Netherlands Helsinki Committee (NHC)

Please present yourself

The Integrity and Accountability Programme at the NHC is centred around the belief that integrity and accountability are the natural enemies of corruption and nepotism, and essential in upholding the rule of law and maintaining a healthy democracy. The rule of law can only function when the judiciary is truly independent, when law enforcement honours the law, when public servants live up to their role to serve and in the community’s interests, and when civil society and the media play the critical role of an objective observer. The Integrity and Accountability Programme contributes to a change in mentality and mindset amongst all sectors of the government towards more proactive support for the rule of law.

What are your organization’s main goals?

The mission of the Netherlands Helsinki Committee (NHC) is to build and secure justice and compliance with international human rights agreements within OSCE participating states. Established in 1987, the NHC represented Dutch civil society in the Helsinki Process, following the examples of sister Helsinki Committees from across the Organisation for Security and Cooperation in Europe (OSCE) area. The work of the NHC is aimed at contributing to a world in which citizens across the OSCE area peacefully live in more open and just societies. In order to secure the rule of law, safeguard human rights and strengthen civil society, we believe it is necessary to:

  • Hold to account and, where necessary, put pressure on authorities to act in line with human rights obligations. This is a major role for civil society, in particular of human rights organisations and people engaged in human rights as part of their professional duties such as lawyers or the media. Therefore, the capacities of these actors should be strengthened. They should also be protected against attacks and be able to operate freely.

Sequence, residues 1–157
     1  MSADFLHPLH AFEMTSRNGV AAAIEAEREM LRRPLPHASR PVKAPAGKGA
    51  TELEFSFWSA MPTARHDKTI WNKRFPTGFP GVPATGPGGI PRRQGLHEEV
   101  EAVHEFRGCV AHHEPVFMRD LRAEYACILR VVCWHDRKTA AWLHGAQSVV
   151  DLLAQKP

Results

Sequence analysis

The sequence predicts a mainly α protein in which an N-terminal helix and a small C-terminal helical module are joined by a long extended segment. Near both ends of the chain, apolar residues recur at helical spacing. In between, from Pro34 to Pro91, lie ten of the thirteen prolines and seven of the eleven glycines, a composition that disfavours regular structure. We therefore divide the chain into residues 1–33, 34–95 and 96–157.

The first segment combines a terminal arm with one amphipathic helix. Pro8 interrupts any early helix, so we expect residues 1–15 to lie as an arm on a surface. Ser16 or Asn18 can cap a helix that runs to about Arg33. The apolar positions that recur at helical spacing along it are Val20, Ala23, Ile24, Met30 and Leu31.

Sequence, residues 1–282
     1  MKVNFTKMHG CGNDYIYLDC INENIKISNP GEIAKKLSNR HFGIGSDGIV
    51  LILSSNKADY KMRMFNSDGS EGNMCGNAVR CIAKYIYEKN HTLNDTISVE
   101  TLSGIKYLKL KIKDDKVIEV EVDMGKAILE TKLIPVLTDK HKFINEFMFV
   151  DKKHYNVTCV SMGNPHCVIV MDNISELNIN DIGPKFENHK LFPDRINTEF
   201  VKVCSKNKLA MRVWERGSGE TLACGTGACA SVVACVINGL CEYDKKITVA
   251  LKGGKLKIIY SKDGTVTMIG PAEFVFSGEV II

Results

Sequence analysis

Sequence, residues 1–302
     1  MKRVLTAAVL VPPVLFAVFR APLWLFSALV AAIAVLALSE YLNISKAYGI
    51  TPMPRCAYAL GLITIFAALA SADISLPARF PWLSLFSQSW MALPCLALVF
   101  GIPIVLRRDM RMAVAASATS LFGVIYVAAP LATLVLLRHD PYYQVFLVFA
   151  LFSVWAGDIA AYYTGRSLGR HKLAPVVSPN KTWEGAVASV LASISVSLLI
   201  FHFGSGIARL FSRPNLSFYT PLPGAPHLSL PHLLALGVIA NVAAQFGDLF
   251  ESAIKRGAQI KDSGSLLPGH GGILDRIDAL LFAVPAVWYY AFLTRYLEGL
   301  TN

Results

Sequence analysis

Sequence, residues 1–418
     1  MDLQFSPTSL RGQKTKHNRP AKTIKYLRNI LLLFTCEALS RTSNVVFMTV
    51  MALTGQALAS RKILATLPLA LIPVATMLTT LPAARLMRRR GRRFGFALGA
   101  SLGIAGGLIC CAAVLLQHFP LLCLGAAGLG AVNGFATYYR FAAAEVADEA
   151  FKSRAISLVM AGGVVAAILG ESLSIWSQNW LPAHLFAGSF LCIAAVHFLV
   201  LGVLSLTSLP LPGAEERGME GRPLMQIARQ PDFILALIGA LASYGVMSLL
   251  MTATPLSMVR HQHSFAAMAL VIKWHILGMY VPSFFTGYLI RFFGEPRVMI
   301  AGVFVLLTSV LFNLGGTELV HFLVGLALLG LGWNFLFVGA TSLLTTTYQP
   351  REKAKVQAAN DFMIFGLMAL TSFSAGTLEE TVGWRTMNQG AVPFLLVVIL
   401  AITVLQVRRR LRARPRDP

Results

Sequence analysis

•  Cooperate with professionally run public institutions and independent oversight institutions. This entails ensuring public institutions (i.e., Ministries, Ombudsman, and Audit Authorities) have staff determined to keep up ethical standards and maintain human rights principles. Additionally, this involves investing in a judiciary that is resistant to political forces, government, or other undue interference in their work.
  • Ensure that operations of the criminal justice system align with human rights standards. The chain formed by police, prosecution services, courts and institutions involved in criminal sanctions has far-reaching authority to interfere with the lives of citizens. Therefore, they should scrupulously maintain international standards and treat citizens fairly. Civil society can monitor and assist these institutions thereby ensuring the rights of all citizens.
  • Pay particular attention to the protection of vulnerable and marginalised groups. Often neglected by government institutions and stigmatized in society, these groups are the most susceptible to violations of their human rights. It is, therefore, necessary to facilitate and improve access to the justice system for them.

How does your organization operate?

The Netherlands Helsinki Committee was founded in 1987 by Max van der Stoel (Dutch diplomat, Minister of Foreign Affairs and first OSCE High Commissioner on National Minorities), Peter Baehr (professor of human rights at Utrecht University), Arie Bloed (Editor-in-Chief of Security and Human Rights journal), and Pieter van Dijk (member of the Council of State of the Netherlands).